Severely curtailing the supply of labor is another part of Player #1’s strategy. Shipping companies are impacted as they can’t locate sufficient licensed drivers and pilots. Other bottlenecks are omnipresent as the internet provider’s adversary shuts down ports and other transportation hubs.
Other disruptions are due to business decisions made by equipment manufacturers in previous years–attempts to cut costs, achieve operational efficiencies, or both. For example, many such businesses had earlier gone with strategic decisions to move to international suppliers and award all contracts in a node to a single source. This proved to be damaging as it created fragile, easily broken supply chains.
These are the obvious chess strategies everyone knows. But what many people are not familiar with is how fiercely national governments as well as different industries are vying for the same resources. Today, pretty much anything manufactured with a power cord requires a chip. Cars and internet modem manufacturers, for example, are in head-to-head competition, and many countries—particularly China—are aggressively foraging for ways to get their country connected with fiber as soon as possible, further limiting available supplies. As a competitive gambit, China has ramped up on building fiber-optic plants and has cornered the market on manufacturing fiber as well as the raw materials needed for such manufacturing.
How Player #2 (leading broadband providers) is winning the game.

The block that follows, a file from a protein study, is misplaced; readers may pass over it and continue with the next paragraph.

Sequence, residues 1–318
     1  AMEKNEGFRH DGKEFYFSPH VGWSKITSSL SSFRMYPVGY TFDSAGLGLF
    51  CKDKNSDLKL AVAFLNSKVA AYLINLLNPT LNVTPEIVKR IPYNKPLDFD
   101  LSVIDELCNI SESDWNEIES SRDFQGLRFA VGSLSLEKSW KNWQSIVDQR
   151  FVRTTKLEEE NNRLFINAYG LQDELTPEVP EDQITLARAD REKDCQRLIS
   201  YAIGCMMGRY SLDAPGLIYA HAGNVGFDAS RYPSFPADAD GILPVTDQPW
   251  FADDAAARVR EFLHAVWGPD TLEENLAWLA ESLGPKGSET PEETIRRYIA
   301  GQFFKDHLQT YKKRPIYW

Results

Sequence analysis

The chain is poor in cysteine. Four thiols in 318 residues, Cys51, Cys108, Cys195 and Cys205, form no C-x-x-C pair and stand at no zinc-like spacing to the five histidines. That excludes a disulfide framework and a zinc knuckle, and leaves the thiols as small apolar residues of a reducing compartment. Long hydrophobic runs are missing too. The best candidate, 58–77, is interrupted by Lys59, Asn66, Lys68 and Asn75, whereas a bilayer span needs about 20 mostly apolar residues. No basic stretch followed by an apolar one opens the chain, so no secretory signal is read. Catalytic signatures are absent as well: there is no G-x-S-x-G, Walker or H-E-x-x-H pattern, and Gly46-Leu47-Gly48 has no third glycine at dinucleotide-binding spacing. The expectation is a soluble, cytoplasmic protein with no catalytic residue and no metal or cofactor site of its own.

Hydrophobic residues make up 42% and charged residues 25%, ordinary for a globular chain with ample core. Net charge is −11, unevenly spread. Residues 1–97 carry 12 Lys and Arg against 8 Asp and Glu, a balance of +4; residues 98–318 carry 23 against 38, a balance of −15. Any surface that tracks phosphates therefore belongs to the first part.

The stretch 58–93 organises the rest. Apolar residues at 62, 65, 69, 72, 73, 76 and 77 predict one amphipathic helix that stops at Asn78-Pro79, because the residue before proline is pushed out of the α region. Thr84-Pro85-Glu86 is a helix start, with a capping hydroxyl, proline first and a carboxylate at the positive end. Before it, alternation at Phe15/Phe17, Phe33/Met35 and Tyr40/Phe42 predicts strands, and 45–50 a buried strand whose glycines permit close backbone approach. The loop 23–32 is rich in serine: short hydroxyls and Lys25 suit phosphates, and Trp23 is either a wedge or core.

Leading internet providers who predicted Player #1’s moves and then some, significantly altered their business models before Player #1 could disrupt their bottom lines. Because Quantum Fiber and a major fiber internet provider for multifamily communities in particular foresaw the need to do this early on, their businesses continue to thrive. In August 2022, Quantum Fiber announced plans to extend its fiber customer base by a whopping 12 million households.
Here are three of the ways that leading internet service providers are managing to be so agile and prepared to stay well ahead in the game.
1. Forecasting more accurately, and further ahead
According to Mr. Boza, key component shortages has caused Quantum Fiber to extend its forecasting and planning activities further into the future, from a six-month cycle to a 12-to-18-month timeframe.
As part of this forecasting model, Quantum Fiber is continually assessing its contractual relationships, and adjusting them when necessary, proactively identifying when it needs, for example, to fine tune multifamily community customers’ expectations or push out a project’s completion date due to labor or supply shortages. For multifamily community builders, this can involve factoring in projections to schedule pre-breaking-ground and installation dates more precisely.